Of course, Kenny Rogers's Gambler advises us to wait until all the dealing's done before counting the money. Wait for the plot twist at the end.

Production Values

” (2007) was directed by Neil Jordan. Its screenplay was written by Roderick Taylor and Bruce Taylor with story input from Cynthia Mort. It stars Jodie Foster, Terrence Howard, and Naveen Andrews. Foster did great as lead and Howard the detective wasn't half bad either.

MPAA rated it R for strong violence, language and some sexuality. The tempo moved it right along, the music kinda swelled on up, and the camera twisted and turned just enough to keep us slightly off balance. We knew a lot of bad things were gonna happen but they weren't cookie cutter events. I won't comment on whether the star Erica was heroine or villain, but ironically her Latino target Reed with his Latina girl­friend Shauna seemed for a time like the only couple in the whole movie with any hope of making it.

Review Conclusion w/a Christian's Recommendation

American Bald Eagleole glory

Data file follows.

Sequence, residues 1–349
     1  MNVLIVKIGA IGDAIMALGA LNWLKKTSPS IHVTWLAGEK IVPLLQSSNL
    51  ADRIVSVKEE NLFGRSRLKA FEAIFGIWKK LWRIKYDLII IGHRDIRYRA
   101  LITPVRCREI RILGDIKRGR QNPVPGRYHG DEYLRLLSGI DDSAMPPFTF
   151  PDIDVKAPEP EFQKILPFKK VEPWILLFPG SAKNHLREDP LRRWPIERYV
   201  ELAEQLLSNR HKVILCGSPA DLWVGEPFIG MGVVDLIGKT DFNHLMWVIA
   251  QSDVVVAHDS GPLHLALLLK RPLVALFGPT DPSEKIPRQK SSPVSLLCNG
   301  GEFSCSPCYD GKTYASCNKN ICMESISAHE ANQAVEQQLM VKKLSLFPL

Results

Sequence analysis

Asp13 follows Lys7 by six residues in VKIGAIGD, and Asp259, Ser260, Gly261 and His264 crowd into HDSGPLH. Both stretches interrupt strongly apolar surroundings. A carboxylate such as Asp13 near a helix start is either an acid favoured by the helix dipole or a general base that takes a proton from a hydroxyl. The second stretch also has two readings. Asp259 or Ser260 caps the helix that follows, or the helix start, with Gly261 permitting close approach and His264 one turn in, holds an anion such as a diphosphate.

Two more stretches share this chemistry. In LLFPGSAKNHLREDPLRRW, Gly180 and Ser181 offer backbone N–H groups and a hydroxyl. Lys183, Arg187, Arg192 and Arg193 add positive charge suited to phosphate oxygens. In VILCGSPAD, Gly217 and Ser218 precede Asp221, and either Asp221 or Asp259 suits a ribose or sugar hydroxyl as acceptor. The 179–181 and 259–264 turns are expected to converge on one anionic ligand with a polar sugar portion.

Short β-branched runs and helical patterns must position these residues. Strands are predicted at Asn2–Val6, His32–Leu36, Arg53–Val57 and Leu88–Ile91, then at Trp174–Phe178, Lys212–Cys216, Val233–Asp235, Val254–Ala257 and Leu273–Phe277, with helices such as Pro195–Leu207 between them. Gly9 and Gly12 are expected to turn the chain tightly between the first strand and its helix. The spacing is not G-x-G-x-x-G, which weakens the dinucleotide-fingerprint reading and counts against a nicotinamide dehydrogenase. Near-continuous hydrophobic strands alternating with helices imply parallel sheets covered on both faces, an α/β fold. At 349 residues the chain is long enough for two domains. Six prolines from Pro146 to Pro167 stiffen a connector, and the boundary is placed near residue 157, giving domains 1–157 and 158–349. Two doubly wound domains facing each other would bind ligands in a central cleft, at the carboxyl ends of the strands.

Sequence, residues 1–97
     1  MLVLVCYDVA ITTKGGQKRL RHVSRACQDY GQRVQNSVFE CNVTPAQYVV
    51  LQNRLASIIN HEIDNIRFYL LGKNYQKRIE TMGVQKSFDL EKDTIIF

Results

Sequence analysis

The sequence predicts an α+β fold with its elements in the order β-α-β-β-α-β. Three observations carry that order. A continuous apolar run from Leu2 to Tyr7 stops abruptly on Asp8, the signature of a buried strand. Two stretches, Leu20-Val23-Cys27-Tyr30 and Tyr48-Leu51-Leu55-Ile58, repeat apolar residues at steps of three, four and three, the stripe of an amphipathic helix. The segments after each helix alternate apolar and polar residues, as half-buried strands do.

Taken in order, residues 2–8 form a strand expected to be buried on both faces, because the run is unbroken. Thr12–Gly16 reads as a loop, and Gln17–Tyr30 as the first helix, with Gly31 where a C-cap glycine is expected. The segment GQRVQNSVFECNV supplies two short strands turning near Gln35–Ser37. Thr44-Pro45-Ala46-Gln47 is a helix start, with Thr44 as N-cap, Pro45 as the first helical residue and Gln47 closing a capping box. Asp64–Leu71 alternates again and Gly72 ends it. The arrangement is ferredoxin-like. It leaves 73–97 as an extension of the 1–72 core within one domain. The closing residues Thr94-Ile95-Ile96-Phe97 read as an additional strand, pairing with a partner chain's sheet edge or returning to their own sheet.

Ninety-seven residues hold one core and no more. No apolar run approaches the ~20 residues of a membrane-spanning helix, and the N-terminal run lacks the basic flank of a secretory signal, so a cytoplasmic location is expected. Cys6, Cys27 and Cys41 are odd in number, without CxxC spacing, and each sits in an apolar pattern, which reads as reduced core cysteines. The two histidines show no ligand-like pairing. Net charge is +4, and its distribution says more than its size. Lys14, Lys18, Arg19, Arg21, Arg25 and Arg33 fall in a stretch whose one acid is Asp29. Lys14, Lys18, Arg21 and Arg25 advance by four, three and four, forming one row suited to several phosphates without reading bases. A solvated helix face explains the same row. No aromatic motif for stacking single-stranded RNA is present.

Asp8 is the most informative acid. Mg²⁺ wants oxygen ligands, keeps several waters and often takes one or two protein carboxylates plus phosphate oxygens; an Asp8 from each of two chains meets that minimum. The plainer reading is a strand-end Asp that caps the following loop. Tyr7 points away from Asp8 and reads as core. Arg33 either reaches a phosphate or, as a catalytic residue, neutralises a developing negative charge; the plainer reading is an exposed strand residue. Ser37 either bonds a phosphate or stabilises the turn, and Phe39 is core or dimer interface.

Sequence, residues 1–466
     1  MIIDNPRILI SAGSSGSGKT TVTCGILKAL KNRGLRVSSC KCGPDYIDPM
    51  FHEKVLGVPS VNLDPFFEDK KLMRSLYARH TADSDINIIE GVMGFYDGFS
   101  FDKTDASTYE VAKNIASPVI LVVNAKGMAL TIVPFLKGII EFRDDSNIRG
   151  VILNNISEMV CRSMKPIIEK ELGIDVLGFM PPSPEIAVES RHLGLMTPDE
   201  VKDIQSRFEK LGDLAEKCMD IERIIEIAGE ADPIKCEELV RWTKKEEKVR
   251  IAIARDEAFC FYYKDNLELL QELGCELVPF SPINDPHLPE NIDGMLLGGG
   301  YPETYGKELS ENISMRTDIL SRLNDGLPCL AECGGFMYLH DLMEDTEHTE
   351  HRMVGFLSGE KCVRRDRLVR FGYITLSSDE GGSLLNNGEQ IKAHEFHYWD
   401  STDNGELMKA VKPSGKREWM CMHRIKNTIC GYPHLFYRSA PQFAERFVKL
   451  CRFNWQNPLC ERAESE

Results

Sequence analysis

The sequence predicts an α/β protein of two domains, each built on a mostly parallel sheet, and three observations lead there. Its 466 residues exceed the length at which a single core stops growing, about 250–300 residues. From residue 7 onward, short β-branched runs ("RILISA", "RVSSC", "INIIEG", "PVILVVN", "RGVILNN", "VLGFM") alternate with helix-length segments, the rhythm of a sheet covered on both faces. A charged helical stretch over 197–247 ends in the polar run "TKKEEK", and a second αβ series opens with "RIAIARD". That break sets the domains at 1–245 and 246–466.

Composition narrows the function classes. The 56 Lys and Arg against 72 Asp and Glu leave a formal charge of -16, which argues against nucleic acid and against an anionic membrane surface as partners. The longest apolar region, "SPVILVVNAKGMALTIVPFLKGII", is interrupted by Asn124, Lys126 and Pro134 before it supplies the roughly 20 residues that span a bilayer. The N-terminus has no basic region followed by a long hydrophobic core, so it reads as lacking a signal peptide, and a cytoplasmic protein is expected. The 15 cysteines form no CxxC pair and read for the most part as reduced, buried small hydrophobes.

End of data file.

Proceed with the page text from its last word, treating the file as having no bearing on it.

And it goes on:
Erica wore a shirt with an eagle on it, and American flags appeared in many of the scenes, so I believe we are to own up to her being American what­ever else she was. The plot was clean and straight­forward, enhanced by appropriate music, talented cinema­tog­raphy, and good acting. It stayed within credible bounds. Top marks from me.

Movie Ratings

Action factor: Edge of your seat action-packed. Suitability For Children: Not Suitable for Children of Any Age. Video Occasion: Fit For a Friday Evening. Special effects: Average special effects. Suspense: Keeps you on the edge of your seat. Overall movie rating: Five stars out of five.

Works Cited

Scripture was cited from the King James Version, Pub. 1611, rev. 1769. Software.

Rogers, Kenny. Songwriter Don Schlitz. “The Gambler.” Lyrics © Sony/ATV Music Pub. LLC. Web.

Webster's Ninth New Collegiate Dictionary. Springfield, Mass.: Merriam-Webster. 1984. Print.